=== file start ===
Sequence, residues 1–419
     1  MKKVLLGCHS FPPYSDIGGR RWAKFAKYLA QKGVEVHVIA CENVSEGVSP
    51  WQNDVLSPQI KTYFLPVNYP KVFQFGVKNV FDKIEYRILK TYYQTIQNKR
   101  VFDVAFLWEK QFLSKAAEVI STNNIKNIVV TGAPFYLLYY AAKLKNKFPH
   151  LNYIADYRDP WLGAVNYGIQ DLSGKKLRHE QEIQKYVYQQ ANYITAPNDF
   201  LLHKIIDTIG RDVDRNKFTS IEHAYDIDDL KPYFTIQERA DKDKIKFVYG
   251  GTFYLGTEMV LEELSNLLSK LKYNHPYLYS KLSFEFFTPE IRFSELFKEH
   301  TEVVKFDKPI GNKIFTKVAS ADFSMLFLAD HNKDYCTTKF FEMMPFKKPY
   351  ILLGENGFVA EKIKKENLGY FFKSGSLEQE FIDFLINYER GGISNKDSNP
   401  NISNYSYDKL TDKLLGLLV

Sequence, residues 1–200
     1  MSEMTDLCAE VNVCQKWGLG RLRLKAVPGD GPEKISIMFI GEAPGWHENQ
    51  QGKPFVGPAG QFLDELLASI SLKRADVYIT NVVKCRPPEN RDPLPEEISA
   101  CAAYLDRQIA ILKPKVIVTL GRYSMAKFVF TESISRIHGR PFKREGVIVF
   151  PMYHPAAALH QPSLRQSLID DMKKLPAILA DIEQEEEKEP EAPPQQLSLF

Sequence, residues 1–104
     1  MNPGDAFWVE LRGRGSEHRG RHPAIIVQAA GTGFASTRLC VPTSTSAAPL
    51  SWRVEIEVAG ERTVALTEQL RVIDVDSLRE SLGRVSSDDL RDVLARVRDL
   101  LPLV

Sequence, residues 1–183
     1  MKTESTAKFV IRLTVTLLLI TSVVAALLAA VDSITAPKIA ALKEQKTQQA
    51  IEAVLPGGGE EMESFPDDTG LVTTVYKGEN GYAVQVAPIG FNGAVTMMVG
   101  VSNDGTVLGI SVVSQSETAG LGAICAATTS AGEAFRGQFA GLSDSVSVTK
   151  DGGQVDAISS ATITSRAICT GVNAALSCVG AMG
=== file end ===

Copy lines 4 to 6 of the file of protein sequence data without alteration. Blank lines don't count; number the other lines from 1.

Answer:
   101  VFDVAFLWEK QFLSKAAEVI STNNIKNIVV TGAPFYLLYY AAKLKNKFPH
   151  LNYIADYRDP WLGAVNYGIQ DLSGKKLRHE QEIQKYVYQQ ANYITAPNDF
   201  LLHKIIDTIG RDVDRNKFTS IEHAYDIDDL KPYFTIQERA DKDKIKFVYG